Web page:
Map of Caddoan Mississippi Culture

Caddo Indian Research

The following resources should assist your in your Caddo Indian research. Most of the links feature content found on AccessGenealogy and it’s sister sites, however some of these are offsite resources of which AccessGenealogy has no relationship other then we value the content we link to for the quality of it’s information. If you know of a quality website which we haven’t featured on the Caddo tribe then please feel free to submit them through the comments at the bottom of the page.

Caddo Indians (contracted from Kä’dohädä’cho, ‘Caddo proper,’ `real Caddo,’ a leading tribe in the Caddo confederacy, extended by the whites to include the confederacy).  A confederacy of tribes belonging to the southern group of the Caddoan linguistic family. Their own name is Hasínai, our own folk.’ See Kadohadacho. Read more about the Caddo Tribe History.

Caddo Indian Biographies

Bureau of Indian Affairs

Caddo Indian Cemeteries

Caddo Indian Census

Caddo Indian Customs/Culture

Federally Recognized Tribes

Genealogy Help Pages

Caddo Indian History

Caddo Indian Land and Maps

Caddo Indian Language

Caddo Indian Legends

Mailing Lists

Mailing lists are one of the best ways to find others searching in the same area, tribe or nation.  Listed are a few lists that might help you on your way to finding your Caddo ancestors.

  • Native American Caddo Mailing List
  • Native American Family Legends
  • Native American Newbies
  • Native American News
  • Native American Burial Grounds
  • Native American Chiefs
  • Indian Tribes-Location, One for each state.  Ask questions to find the location of your ancestors
  • Indian Cemeteries, A place to share the location or transcriptions of Indian Cemeteries

Caddo Indian Military

Other Tribes

The list of tribes and organizations below are not federally recognized. Many of them are state recognized organizations only or working towards federal recognition. We do not have the resources to check the validity of each and every organization and expect that you should before attempting to join or send a monetary contribution. We will provide a listing for any Native American organization or tribe.  If you would like your organization listed please submit the information here.


Caddo Indian Treaties

  • Indian Affairs, Laws & Treaties, Vol. 2  $
    As the United States expanded westward from the original thirteen colonies, settlers often confronted the existing owners of the land. As a result the federal government often negotiated treaties with these Native Americans. This collection of official treaties was compiled by the United States and originally printed in 1904. It contains the full text of nearly a hundred treaties between the government and such tribes as the Delaware, Seneca, Yakima, and Sioux. Ranging from the late 1700’s through the end of the 19th Century, each treaty includes the names of those present, both U.S. representatives and Native American tribal chiefs. Apart from the historical importance of these documents, for those seeking ancestors who were involved in treaty negotiations, this can be an illuminating database. (Subscribers Only) Free Trial – US Deluxe Membership image 2530104 10467608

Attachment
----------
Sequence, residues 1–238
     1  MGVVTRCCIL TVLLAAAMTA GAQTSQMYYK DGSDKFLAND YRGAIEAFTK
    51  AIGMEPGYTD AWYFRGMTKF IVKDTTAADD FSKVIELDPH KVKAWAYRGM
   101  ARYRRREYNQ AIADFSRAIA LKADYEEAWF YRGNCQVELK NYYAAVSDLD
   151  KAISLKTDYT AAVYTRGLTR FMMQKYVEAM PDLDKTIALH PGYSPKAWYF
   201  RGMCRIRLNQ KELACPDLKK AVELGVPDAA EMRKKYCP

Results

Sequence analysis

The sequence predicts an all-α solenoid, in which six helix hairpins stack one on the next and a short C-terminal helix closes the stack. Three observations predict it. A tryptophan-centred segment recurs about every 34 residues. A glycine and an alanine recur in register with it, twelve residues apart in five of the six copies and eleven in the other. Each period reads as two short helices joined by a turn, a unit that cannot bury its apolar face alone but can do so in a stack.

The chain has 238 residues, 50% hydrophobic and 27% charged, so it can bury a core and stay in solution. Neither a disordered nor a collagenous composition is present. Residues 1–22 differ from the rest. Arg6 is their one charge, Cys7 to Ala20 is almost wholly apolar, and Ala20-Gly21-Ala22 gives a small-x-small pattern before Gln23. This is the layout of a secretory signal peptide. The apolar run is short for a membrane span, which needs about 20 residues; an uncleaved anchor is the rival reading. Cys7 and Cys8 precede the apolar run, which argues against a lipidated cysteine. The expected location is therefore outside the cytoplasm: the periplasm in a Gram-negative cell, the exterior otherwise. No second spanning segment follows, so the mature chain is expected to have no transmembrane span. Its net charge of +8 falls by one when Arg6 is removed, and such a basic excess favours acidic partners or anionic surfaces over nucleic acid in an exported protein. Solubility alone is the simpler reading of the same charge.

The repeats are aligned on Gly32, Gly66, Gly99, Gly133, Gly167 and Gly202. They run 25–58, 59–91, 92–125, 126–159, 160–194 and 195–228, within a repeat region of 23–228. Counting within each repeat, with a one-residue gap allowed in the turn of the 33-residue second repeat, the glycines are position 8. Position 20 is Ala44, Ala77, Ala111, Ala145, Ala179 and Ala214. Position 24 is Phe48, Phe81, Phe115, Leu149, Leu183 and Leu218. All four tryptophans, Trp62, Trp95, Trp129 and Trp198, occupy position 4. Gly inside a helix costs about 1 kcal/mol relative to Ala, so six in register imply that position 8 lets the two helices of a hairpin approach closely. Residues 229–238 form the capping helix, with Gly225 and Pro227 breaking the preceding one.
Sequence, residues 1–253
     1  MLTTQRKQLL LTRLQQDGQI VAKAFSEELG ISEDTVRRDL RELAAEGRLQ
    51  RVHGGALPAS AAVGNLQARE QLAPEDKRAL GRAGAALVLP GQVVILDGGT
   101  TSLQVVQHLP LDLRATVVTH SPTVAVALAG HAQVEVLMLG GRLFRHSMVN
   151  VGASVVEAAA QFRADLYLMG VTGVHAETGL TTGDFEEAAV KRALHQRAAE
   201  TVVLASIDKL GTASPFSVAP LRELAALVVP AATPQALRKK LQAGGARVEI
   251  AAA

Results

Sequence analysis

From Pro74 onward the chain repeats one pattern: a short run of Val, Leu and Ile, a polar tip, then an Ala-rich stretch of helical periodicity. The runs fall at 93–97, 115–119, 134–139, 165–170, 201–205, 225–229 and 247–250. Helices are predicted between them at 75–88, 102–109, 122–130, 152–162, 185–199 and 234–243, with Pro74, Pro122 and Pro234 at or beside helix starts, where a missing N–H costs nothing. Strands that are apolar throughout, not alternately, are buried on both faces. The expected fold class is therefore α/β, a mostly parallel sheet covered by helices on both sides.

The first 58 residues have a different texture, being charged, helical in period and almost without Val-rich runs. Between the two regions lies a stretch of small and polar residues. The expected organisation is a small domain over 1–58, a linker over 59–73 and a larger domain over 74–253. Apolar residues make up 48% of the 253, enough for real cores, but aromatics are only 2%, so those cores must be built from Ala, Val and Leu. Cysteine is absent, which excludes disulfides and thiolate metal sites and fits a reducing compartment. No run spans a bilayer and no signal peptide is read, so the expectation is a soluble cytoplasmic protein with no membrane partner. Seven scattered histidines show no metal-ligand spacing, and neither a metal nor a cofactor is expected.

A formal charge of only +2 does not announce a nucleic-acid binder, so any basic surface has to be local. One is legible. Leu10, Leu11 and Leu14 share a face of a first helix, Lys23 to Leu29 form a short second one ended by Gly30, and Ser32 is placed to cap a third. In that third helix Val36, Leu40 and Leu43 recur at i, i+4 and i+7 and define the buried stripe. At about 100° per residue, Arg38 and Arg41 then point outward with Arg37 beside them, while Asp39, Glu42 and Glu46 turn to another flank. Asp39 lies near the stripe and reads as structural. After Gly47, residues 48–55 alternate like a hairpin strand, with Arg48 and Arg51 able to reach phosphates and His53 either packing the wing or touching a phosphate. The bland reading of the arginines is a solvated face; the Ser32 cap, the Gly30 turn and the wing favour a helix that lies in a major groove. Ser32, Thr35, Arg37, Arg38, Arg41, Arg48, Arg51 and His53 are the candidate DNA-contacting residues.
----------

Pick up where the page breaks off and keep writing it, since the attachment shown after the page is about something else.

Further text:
• Treaty with the Caddo, 1835 (Produced by the Oklahoma State University Library)
  • Indian Treaties, Acts and Agreements
  • Signers of Native American Treaties, Indian, Military and Guests

Caddo Indian Suggested Reading

Notes On The Caddo
By Elsie Clews Parsons Complete book to read Free!  The following data were recorded in New York City in the winter of 1921-22 with the cooperation of White Moon, a recent Caddo graduate of Carlisle who in New York shrewdly called himself Chief Silver Moon.
Traditions of the Caddo
The Caddo tales here presented were collected during the years 1903-1905, under the auspices of the Carnegie Institution of Washington, and form part of a systematic investigation of the religious system and ceremonial organization of the tribes of the Caddoan stock.
Villages of the Algonquian, Siouan and Caddoan Tribes West of the Mississippi
Life on the prairies or mountains with the best built house had to be hard for our ancestors, but consider the Indians of the 1800’s.  With few implements, or tools, they constructed their homes from their surroundings.


AccessGenealogy. Tribal Genealogy Research: Directory of online resources for specific tribes. Web. 2009-2013.

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